During the community engagement phase of the CreateNYC project, Christine Bruno, an actor, director and disability advocate at the Alliance for Inclusion in the Arts, assumed an important administrative role by ensuring that materials and venues served all New Yorkers. She also demanded that city materials feature specific language inclusive of people with disabilities. (This story uses both “disabled artists” and “artists with disabilities” interchangeably. While the CreateNYC plan frequently references “people with disabilities,” several of the artists interviewed for this story said they prefer the term “disabled person” or “disabled artist”).
As DCLA planned its “Office Hours with the Commissioner ” for disabled artists —DCLA hosted a series of events that enabled individuals of various backgrounds to share their concerns and recommendations with Commissioner Tom Finkelpearl during the CreateNYC planning process, including days reserved for specific marginalized groups—Bruno says she encouraged DCLA to find a more accessible location than the Chambers Street headquarters because it lacked appropriate accessibility.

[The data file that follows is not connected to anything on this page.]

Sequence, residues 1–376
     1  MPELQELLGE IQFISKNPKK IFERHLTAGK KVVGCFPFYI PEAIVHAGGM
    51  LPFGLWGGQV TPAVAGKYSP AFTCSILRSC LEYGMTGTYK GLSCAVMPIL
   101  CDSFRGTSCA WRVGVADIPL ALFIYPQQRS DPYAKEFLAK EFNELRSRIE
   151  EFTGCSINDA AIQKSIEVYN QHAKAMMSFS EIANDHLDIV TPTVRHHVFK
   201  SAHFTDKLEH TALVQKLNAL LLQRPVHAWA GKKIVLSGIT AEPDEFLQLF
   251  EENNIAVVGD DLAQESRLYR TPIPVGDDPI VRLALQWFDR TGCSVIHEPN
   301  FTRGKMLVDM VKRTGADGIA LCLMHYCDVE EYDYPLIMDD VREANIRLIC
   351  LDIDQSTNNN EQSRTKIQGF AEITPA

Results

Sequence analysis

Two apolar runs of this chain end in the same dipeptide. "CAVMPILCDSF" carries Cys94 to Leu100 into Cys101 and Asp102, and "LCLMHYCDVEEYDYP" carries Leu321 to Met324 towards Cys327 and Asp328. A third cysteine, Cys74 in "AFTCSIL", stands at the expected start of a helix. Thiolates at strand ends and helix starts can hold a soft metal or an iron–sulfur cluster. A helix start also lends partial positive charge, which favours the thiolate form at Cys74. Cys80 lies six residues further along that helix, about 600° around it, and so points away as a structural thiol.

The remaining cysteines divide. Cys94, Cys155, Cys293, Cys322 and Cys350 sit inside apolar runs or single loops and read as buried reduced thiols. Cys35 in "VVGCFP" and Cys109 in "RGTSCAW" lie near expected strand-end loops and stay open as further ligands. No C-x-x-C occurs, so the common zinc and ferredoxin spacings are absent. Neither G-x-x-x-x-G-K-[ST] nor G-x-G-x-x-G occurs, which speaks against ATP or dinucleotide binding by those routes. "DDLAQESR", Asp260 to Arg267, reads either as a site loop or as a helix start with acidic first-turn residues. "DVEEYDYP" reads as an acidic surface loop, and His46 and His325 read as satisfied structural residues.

In response, DCLA moved their office hours to the New York Historical Society, a more accessible venue on the Upper West Side that attracted roughly 100 people with disabilities, Bruno says.
“We have a saying, ‘Nothing without us,'” Bruno says. “Because often these conversations about disability happen without us — let alone conversations that are about the larger picture of diversity.”
In an email, a DCLA spokesperson acknowledged that discussions about diversity too often exclude people with disabilities and noted that cultural organizations have compiled little data about artists with disabilities—an issue specifically documented in April by the Disability/Arts/NYC Task Force (DANT), a watchdog organization to ensure that the city considered disabled artists in its plan.
In a separate statement, Cultural Affairs Commissioner Tom Finkelpearl said, “Too often, conversations about disability, not to mention those who take on disability as an identity, are left out of the larger discussion of diversity. CreateNYC tries to address the needs of the disability community both specifically and as a part of larger diversity, equity, and inclusion goals.”